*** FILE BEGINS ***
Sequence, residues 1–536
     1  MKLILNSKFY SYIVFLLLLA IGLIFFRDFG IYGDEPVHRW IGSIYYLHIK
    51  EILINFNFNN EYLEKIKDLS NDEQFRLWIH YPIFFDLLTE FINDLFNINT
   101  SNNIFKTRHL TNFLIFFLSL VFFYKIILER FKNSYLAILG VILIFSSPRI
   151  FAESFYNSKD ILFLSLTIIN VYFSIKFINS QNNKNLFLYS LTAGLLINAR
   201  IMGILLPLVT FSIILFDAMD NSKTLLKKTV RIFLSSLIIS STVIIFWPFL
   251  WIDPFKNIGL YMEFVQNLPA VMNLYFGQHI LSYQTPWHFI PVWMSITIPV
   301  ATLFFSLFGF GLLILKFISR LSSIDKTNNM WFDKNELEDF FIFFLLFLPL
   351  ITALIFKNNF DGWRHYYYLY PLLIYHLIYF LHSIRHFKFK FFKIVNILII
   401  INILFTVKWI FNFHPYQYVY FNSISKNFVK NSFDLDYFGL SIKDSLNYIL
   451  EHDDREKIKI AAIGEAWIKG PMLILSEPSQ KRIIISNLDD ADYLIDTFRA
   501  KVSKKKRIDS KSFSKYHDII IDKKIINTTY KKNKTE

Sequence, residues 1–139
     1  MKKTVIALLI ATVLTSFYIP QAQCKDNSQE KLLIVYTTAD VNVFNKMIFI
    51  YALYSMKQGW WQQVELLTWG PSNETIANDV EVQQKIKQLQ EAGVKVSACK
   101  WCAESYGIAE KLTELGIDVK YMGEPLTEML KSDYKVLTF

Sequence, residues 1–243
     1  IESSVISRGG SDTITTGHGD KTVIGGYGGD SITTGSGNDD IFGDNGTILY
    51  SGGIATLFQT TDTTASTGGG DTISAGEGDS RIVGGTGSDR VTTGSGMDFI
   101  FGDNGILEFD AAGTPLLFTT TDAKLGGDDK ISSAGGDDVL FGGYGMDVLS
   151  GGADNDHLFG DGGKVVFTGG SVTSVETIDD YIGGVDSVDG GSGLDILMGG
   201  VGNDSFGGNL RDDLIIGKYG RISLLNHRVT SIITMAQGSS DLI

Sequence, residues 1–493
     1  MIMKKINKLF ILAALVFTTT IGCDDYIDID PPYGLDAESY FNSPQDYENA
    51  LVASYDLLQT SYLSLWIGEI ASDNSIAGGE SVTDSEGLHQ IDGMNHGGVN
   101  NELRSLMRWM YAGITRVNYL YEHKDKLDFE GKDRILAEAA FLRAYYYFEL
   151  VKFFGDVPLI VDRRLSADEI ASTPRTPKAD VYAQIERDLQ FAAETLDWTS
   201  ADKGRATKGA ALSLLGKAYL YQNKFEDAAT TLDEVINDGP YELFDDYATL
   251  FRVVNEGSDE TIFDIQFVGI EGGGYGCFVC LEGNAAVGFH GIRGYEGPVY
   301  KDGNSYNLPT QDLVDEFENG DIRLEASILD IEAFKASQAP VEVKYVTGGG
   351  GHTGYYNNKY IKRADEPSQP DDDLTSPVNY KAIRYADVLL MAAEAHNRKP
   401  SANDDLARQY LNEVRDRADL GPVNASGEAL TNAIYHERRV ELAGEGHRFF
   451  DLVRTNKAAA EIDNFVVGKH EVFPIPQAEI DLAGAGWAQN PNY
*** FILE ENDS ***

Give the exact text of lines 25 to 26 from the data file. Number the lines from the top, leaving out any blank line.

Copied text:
    51  LVASYDLLQT SYLSLWIGEI ASDNSIAGGE SVTDSEGLHQ IDGMNHGGVN
   101  NELRSLMRWM YAGITRVNYL YEHKDKLDFE GKDRILAEAA FLRAYYYFEL